While both the BJP and the Congress have raised the national security pitch in their Lok Sabha campaigns, none of the political parties wants to talk much about the CRPF.
The force that is at the forefront of fighting insurgency in Kashmir, central India and the northeast suffers from lack of training and adequate infrastructure.
While lack of infrastructure, as pointed out by the officer, is indeed a problem, repeated setbacks point towards a systemic failure and the inability of the leadership to comprehend the training needs, analyse performance gaps and take remedial measures.
IPS officers to blame?
The standard and orientation of training in all branches of the Central Armed Police Forces (also known as paramilitary forces) has deteriorated over the years and leaves much to be desired.
The founders of these forces had put in place a well-thought-out training structure. There are training institutions catering to requirements at force, zonal and unit levels. It is the lackadaisical attitude of the IPS officers leading these forces that has led to the drop in the training standards, including in the Central Reserve Police Force (CRPF).
Seeped in police culture, IPS officers continue to consider postings to training institutions as ‘punishment posting’ and view training as a peripheral activity, which has led to the current state of affairs.
My own experience in the Border Security Force (BSF) tells me that it is only a rare IPS leader who comprehends the necessity of good training for the success of operations.
Stuck with outdated material
There is no investment in research and upgrade of the training methodology and literature. One would be surprised to find that the BSF till about a decade ago did not have training literature on strategic and operational aspects of border management.
The reference material prepared in 2008-09 has not been updated in spite of the several changes in the operational environment, like signing of the India-Bangladesh land boundary agreement or introduction of the ‘less lethal strategy’ in 2011-12, under which troops must exercise restraint in use of lethal force along the border with Bangladesh.
The training programmes remain archaic and must be upgraded at the earliest to align with the demands of the modern-day operational environment. Paramilitary forces need to be trained in operating against militants in the prevailing circumstances in Kashmir and Maoist-hit areas.
Similarly, there is no understanding of how management of fenced borders works and therefore the BSF has not been able to develop the right methods for training in that area.
No time for training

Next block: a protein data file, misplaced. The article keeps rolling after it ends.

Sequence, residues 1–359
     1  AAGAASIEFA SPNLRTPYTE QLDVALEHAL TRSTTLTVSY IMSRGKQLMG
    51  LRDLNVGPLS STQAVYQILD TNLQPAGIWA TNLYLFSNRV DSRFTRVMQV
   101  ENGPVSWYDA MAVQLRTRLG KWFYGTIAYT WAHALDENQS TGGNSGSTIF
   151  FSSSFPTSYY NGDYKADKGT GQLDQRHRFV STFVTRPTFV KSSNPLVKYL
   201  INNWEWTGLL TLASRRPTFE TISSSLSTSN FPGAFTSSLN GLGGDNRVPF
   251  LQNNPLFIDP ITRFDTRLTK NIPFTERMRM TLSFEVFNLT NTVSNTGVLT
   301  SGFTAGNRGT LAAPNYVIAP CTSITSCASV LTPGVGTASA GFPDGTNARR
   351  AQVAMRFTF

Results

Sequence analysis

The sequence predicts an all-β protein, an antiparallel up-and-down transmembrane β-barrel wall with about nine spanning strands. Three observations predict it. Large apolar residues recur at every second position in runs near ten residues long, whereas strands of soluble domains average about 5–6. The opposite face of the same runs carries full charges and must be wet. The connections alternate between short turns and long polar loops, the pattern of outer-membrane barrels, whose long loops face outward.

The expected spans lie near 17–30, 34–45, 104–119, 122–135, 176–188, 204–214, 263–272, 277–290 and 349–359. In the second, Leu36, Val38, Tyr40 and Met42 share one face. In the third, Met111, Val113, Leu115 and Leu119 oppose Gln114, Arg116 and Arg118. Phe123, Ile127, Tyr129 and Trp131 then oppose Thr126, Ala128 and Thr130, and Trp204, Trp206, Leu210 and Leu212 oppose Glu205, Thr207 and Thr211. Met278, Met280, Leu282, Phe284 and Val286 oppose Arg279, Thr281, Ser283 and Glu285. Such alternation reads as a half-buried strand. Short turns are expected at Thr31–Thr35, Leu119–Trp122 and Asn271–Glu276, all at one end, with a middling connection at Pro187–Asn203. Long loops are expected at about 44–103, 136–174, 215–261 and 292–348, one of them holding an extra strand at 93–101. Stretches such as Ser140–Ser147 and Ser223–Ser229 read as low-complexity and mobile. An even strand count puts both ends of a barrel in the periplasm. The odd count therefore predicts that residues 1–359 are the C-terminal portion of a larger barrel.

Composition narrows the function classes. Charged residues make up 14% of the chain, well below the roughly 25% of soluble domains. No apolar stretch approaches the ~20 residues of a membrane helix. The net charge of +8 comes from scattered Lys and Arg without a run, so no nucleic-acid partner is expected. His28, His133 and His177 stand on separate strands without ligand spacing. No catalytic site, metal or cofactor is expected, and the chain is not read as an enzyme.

Another reason for the dilution of the training standards is the rapid expansion of these forces in the last few years, which has put heavy burden on the existing infrastructure and staff, affecting the quality of supervision and leading to an adverse trainer-trainee ratio. The situation should improve with the stabilisation of the force levels.
Yet another reason for the slow response rate among troops during conflict, which ultimately leads to heavy casualties, is the total breakdown of the company collective training system in these paramilitary forces. Each company of the unit is officially required to undergo this training once a year. But this is not possible because the companies are rarely, if at all, available. They are often given non-combat duties round-the-year, which also includes election responsibilities.
One can understand the compulsion of the government to utilise these forces for assembly and parliamentary elections, but they are routinely deployed for even panchayat elections.
For example, 400 companies of Central Armed Police Forces (CAPF) deployed in Kashmir during the panchayat elections continue to be there long after the polls are over. These companies are unlikely to be released until the parliamentary and the assembly elections in the state are not over.
The CAPF or paramilitary forces have an important role in the national security matrix of the country. They are mandated to guard borders, handle internal security situations and also assist defence forces in the eventuality of a war. Lack of quality training will play havoc with their operational efficiency, which can seriously compromise national security. Leaders of these forces need to take immediate steps to correct the situation.
The author is a retired additional director general of Border Security Force.
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